The Offload: Who is running Munster rugby right now?
Munster coaches depart for pastures new. Plus: anatomy of a Champions Cup defeat
Munster backs and attack coach Felix Jones and forwards coach Jerry Flannery: leaving the province after 10 and 14 years of service, respectively. Photograph: Dan Sheridan/Inpho
Munster’s loss is set to be Ulster’s gain as Bill Johnston moves to Belfast. This could become a reversal of fortunes following the impact Chris Farrell has made since finding Limerick, via France, after an injury-ravaged start to the big Ireland centre’s career.
Something had to give on the outhalf front now Joey Carbery is the “franchise player”, with Tyler Bleyendaal and JJ Hanrahan scraping for back-up status. Johnston must prove his durability – the 22-year-old boasts a long list of injuries before and after he was sorely missed by James Ryan’s under-20s in the 2016 World Cup final – but, providing he remains healthy, there should be a Munster-reared 10 starting Champions Cup rugby next season.
“It’s very poor business that Munster are still on the open market,” former Grenoble and Dragons coach Bernard Jackman told the42.ie. “It leaves a massive hole to fill.”
Munster wanted both men to stay, yet they walked despite being offered “competitive terms”. What was the timeline of their departure? Before or after Rob Howley was interviewed to replace Jones as attack coach?
The other provinces are proof that a quick fix is possible
Who, currently, is the primary decision-maker on contracts, interim CEO Philip Quinn or IRFU performance director David Nucifora?
Who is running Munster rugby?
The road to becoming the Best Club in the World should be clearer once a marquee foreign player is landed before 2019/20. And three new coaches.
“This has been a dream job for me, to coach Munster Rugby,” said Flannery.
Wonder what woke him up?
Word of Mouth
“There was obviously a breakdown at some point recently about what their roles were going forward. There must be something in the background that Felix, Jerry or both weren’t happy with. It is very important I think for the Irish provinces to have local coaches who really care about the environment. I know Jerry and Felix care deeply about Munster. In that regard it was a shock to me and a lot of people because you are losing two good men.” – Ronan O’Gara on Flannery and Jones rejecting new Munster offers to continue working under Johann van Graan.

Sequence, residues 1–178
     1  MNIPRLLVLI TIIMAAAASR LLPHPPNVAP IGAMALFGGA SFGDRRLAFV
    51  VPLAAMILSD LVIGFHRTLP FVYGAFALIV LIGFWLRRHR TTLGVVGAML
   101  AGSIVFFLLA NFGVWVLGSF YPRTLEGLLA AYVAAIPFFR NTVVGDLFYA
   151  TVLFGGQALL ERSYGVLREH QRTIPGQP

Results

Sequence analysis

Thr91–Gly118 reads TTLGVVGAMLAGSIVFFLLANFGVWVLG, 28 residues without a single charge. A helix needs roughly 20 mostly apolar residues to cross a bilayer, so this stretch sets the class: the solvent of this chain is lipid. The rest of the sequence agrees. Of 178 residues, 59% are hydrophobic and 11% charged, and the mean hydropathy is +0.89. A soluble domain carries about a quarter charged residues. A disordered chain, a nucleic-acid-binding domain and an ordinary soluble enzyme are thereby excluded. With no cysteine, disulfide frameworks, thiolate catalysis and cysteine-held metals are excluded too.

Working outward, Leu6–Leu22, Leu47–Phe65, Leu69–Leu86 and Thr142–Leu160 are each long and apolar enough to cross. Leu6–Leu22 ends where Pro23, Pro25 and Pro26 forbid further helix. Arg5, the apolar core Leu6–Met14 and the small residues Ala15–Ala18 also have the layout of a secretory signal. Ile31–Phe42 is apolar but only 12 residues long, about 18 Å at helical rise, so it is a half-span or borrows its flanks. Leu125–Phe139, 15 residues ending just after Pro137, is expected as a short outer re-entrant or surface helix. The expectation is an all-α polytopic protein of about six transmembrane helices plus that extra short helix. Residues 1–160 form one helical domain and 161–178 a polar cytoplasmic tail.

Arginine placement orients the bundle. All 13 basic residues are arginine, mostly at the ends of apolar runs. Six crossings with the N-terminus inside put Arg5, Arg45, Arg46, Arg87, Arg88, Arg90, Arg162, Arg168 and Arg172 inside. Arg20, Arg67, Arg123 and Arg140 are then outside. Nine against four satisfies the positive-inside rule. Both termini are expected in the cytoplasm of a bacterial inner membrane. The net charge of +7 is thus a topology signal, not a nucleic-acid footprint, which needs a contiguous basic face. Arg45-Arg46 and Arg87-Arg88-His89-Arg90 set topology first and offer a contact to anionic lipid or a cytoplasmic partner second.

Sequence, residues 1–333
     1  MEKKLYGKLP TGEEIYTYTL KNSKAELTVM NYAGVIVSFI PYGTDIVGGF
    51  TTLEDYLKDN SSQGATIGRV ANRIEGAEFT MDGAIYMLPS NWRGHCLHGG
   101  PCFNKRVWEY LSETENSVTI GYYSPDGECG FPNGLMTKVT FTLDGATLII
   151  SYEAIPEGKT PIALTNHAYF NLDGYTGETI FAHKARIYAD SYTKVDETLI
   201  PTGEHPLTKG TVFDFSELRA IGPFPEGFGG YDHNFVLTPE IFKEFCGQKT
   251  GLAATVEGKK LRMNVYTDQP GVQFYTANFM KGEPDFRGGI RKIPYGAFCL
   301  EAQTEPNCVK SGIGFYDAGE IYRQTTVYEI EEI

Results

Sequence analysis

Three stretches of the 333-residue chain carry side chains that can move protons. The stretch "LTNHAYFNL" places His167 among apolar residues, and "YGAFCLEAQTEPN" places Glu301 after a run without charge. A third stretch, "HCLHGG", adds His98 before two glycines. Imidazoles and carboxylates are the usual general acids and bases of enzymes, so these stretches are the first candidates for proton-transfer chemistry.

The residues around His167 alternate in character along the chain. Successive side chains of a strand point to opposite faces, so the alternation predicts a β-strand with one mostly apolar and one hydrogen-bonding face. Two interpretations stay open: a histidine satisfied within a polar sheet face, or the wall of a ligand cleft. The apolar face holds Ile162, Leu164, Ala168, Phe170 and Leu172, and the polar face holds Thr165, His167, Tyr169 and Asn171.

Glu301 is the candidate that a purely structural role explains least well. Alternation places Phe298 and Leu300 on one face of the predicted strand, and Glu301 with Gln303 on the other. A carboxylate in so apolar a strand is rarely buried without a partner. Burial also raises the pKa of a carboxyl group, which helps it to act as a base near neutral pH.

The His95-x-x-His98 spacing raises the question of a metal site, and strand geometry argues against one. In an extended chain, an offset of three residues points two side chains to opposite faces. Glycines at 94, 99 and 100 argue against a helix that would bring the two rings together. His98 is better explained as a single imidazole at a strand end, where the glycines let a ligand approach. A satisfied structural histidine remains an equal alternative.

By the Numbers
207– Saracens tackles needed to win the Champions Cup.
The Moment that Decided the Champions Cup Final Part 1
From kick-off St James’ Park felt like the opening scene in Saving Private Ryan. The WWII beach landing was filmed by Steven Spielberg on Wexford’s Curraghcloe Beach. That county’s greatest ever sportsman (already) muscled over for a try that seemed to have broken Saracens.
Tadhg Furlong’s score on 32 minutes made it a 10-0 game as we crept towards half-time with Maro Itoje in the sin-bin.
That’s not the moment though. No, the moment came when Leinster scrumhalf Luke McGrath opted to box kick, rather than put the ball dead for half-time, with Owen Farrell rocketing the resulting penalty, against Rob Kearney for not rolling away, into the Leinster 22.
Farrell converted Sean Maitland’s momentum-swinging try created by Farrell’s lovely pass.
These were championship minutes.
“The thinking at the time was to stick the ball on Billy Vunipola, who was standing on the 22, win the ball over his head and get a two-score lead before half-time,” was the Johnny Sexton reasoning. “Your decisions are only as good as they are in hindsight.”
The Moment that Decided the Champions Cup Final Part 2
Plenty has and will be made about Garry Ringrose’s rare wrong option when a five on two was screaming for a quick pass to put Leinster ahead early in the second half (the third quarter is where they tend to win their trophies). That’s not the moment, though. No, thereafter the game felt like it was slipping away from Leinster, but during minutes 61-66 concern turned to reality. Billy Vunipola had done his homework on Johnny Sexton. The intercept, with Sarries leading 13-10, suddenly had the English storming into Leinster territory. The sin-binned Scott Fardy was only seconds from returning when Saracens’ scrum forced Robbie Henshaw to play wing forward rather than defence beside Sexton. Maybe it mattered, maybe nothing would have stopped Billy Vunipola. Freeze the frame and, four metres from the Leinster try line, Ruddock goes low, Sexton high with McGrath and Lowe also skittled by the giant bowling ball. Four defenders could not stop one man. “We don’t have access to many of those type of players,” Leo Cullen conceded. “They wore us down for sure.”